How we cite our quotes:
She looked at Miles, and then she asked him, "What will you do, if you've got so much time?"
"Someday," said Miles, "I'll find a way to do something important."
Winnie nodded. That was what she wanted. (17.26-8)
These two may have a different amount of time left to live, but they both want the same thing: to matter. A human's a human, immortal or not.
[Winnie] wished, for a fleeting moment, that she could stay with them forever in that sunny, untidy little house by the pond. Grow up with them and perhaps, if it were true about the spring—then perhaps, when she was seventeen . . . […] And then her eyes went to Tuck and lingered on his sad, creased face. It occurred to her that he was the dearest of them all, though she couldn't have explained why she felt that way. (18.17)
Winnie definitely thinks about trumping time and joining the Tucks. But forever is a long time, and she quickly realizes that it might not be all it's cracked up to be.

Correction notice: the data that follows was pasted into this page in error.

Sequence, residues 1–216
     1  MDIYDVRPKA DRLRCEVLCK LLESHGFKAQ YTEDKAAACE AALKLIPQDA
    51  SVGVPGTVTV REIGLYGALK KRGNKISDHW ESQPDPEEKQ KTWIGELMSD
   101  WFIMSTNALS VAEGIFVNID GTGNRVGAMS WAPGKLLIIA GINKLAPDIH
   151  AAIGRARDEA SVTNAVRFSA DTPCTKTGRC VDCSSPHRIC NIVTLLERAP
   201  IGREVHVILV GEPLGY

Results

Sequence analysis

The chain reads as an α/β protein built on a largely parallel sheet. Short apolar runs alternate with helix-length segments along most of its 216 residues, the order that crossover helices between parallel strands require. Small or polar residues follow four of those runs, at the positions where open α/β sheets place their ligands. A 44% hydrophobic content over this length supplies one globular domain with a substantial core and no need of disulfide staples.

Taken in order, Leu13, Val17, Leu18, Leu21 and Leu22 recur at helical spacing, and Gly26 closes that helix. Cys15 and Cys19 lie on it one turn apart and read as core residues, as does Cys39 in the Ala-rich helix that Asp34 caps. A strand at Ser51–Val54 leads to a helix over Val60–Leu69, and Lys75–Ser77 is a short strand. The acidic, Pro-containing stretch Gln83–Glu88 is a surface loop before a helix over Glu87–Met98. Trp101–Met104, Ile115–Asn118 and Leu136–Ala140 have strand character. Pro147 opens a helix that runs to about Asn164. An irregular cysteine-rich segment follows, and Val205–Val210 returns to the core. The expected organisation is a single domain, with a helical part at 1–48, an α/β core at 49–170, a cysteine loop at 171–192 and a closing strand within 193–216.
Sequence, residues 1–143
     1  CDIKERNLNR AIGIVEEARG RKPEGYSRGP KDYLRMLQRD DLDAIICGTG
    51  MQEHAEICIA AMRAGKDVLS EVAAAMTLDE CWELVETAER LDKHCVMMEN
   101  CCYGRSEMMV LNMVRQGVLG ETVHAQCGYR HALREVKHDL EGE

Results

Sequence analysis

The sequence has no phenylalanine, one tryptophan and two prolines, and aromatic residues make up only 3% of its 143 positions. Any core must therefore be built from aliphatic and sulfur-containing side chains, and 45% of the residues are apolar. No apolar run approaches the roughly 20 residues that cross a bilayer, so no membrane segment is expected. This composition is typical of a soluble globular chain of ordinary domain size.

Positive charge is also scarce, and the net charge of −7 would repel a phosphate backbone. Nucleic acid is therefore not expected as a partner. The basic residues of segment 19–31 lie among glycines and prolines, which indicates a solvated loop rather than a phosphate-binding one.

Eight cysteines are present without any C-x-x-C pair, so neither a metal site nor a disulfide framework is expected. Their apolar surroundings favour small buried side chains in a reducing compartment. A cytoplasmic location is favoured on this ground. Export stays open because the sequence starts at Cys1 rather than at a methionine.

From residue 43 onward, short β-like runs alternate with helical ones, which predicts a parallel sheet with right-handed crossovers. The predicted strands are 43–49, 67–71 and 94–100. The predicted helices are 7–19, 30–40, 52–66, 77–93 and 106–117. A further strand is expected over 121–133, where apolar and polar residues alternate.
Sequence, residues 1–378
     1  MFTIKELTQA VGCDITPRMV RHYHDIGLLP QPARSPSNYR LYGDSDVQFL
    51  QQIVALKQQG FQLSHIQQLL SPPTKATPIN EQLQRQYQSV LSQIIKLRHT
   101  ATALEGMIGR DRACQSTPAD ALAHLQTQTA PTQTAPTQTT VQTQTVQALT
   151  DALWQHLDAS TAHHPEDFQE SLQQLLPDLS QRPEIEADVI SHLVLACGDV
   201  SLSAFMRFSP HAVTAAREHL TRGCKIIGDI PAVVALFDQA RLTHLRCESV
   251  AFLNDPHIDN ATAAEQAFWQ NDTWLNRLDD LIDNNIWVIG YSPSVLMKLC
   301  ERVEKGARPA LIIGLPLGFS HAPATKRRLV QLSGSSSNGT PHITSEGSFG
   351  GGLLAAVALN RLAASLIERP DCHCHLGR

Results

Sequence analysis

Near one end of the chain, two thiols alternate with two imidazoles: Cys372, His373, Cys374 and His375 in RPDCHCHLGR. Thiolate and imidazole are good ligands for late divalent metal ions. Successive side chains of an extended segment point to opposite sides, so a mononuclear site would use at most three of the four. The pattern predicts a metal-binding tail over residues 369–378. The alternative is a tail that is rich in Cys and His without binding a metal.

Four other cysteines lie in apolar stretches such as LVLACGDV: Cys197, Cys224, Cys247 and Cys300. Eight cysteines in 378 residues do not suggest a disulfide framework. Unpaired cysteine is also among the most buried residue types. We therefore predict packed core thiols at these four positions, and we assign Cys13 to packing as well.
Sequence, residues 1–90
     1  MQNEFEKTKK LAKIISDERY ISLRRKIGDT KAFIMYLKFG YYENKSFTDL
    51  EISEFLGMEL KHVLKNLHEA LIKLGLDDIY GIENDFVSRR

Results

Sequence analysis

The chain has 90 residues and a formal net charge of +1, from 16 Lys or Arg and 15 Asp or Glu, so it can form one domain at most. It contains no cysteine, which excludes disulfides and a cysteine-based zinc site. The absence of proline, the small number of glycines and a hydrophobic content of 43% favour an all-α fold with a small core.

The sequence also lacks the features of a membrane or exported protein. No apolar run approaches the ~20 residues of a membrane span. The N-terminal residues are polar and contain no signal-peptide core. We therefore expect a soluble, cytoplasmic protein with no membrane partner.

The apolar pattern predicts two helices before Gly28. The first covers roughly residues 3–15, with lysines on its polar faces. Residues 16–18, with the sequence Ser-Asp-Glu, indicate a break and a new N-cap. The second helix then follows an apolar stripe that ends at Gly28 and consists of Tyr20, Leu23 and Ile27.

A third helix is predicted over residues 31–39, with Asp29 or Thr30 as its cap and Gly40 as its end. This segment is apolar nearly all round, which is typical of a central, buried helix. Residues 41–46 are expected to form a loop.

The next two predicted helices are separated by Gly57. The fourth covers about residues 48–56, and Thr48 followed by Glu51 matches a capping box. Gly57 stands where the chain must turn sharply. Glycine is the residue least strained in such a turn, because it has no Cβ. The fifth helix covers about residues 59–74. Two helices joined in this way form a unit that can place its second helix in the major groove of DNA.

"Anyhow, I come to say goodbye. We won't be able to come back here for a long, long time, Winnie, if we get away. I mean, they'll be looking for Ma. Winnie, listen—I won't see you again, not for ages. Look now—here's a bottle of water from the spring. You keep it. And then, no matter where you are, when you're seventeen, Winnie, you can drink it, and then come find us. We'll leave directions somehow. Winnie, please say you will!" (22.20)
Even immortal Jesse still thinks of how much time will pass before he sees Winnie again. Hmmm—once he realizes that the "ages" he's thinking of now is actually just a blip on the immortal radar, do you think he'll change his tune about living forever?